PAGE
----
• Don’t mistake strong opinions for vision. Review your key programs and make sure you have the right leaders in place. If it’s a push into Quadrant 4 (new product + new customer) and it’s not being led by a person with the attributes I listed above, you will have trouble on your hands.
  • Challenge emerging visionaries. These white-hot leaders display their skills early in their careers. One of my favorite HR directors used to say, “look for momentum and direction, and find where it came from.” It may not be the org chart leader, but it is still a true leader. It is important to find these individuals quickly and challenge them with projects that will hone their skills.
  • Tweak the usual career path. If you are lucky enough to have people that are resilient enough to change the world because the world will not change them, put them into a position where that gift can be built on and employed. Left to a standard corporate development track, these people will be weeded out.
  • When the project goes into operation, switch up the leadership.  Business history is littered with breakthrough projects that have been extremely successful in the early years, only to be driven into decline by holding on to the successful strategy beyond its apex. Harvard professor Clayton Christensen has documented this as the “innovator’s dilemma.” How do you know when to switch up leaders? When the signs of category maturity start to show up:  industry analysts, competitors with similar offerings, profit margins under pressure, and most importantly, when what you are providing routinely exceeds what the customer really needs.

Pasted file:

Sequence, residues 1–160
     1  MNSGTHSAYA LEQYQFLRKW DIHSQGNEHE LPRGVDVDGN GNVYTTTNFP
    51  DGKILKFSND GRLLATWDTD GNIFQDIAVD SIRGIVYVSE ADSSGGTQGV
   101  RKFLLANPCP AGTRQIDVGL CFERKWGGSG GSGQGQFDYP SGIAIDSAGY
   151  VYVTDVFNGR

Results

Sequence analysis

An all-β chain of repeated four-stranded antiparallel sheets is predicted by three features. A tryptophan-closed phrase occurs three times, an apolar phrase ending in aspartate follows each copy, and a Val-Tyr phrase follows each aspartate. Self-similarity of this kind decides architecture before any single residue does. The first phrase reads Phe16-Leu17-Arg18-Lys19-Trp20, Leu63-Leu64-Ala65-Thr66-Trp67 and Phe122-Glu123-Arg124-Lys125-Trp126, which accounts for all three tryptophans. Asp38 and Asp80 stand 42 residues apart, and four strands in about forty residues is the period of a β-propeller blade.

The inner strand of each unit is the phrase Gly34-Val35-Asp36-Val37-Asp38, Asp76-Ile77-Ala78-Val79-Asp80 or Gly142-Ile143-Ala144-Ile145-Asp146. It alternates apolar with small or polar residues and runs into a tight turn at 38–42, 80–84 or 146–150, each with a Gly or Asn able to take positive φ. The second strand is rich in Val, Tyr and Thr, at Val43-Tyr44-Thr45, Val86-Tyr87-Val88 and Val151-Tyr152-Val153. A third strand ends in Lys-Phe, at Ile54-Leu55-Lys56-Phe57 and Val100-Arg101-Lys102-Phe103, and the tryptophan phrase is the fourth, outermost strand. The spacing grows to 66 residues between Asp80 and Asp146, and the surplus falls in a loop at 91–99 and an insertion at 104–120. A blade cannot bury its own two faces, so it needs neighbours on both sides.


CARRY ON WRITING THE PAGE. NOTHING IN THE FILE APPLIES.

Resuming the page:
It can be thrilling and terrifying to hand the reins to someone with an uncompromising vision. It feels like a terrific gamble, but it can pay huge rewards.

The next time you’re looking at moving into uncharted territory, it’s important to know who has the vision — no matter how difficult they may be on a personal level — that can pull you through the chaos and resistance.

Have you worked with a mercurial leader? What have you learned from them?

I look forward to hearing your thoughts.  Please send me a tweet @scottpropp or drop me an email.